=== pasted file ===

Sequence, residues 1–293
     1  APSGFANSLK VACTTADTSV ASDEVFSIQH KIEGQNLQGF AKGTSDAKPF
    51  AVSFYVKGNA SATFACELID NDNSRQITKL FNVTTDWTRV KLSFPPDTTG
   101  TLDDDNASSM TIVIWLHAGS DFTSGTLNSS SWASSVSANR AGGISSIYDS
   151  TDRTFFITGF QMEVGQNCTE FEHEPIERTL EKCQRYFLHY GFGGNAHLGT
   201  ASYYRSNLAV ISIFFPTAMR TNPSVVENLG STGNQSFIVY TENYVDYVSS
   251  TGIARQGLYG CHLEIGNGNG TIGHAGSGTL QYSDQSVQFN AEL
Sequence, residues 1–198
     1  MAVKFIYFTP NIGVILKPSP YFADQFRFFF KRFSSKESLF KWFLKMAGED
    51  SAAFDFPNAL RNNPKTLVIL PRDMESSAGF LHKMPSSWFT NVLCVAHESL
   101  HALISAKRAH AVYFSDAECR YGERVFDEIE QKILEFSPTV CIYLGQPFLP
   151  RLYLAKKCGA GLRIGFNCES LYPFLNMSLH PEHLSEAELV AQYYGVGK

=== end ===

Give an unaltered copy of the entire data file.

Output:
Sequence, residues 1–293
     1  APSGFANSLK VACTTADTSV ASDEVFSIQH KIEGQNLQGF AKGTSDAKPF
    51  AVSFYVKGNA SATFACELID NDNSRQITKL FNVTTDWTRV KLSFPPDTTG
   101  TLDDDNASSM TIVIWLHAGS DFTSGTLNSS SWASSVSANR AGGISSIYDS
   151  TDRTFFITGF QMEVGQNCTE FEHEPIERTL EKCQRYFLHY GFGGNAHLGT
   201  ASYYRSNLAV ISIFFPTAMR TNPSVVENLG STGNQSFIVY TENYVDYVSS
   251  TGIARQGLYG CHLEIGNGNG TIGHAGSGTL QYSDQSVQFN AEL
Sequence, residues 1–198
     1  MAVKFIYFTP NIGVILKPSP YFADQFRFFF KRFSSKESLF KWFLKMAGED
    51  SAAFDFPNAL RNNPKTLVIL PRDMESSAGF LHKMPSSWFT NVLCVAHESL
   101  HALISAKRAH AVYFSDAECR YGERVFDEIE QKILEFSPTV CIYLGQPFLP
   151  RLYLAKKCGA GLRIGFNCES LYPFLNMSLH PEHLSEAELV AQYYGVGK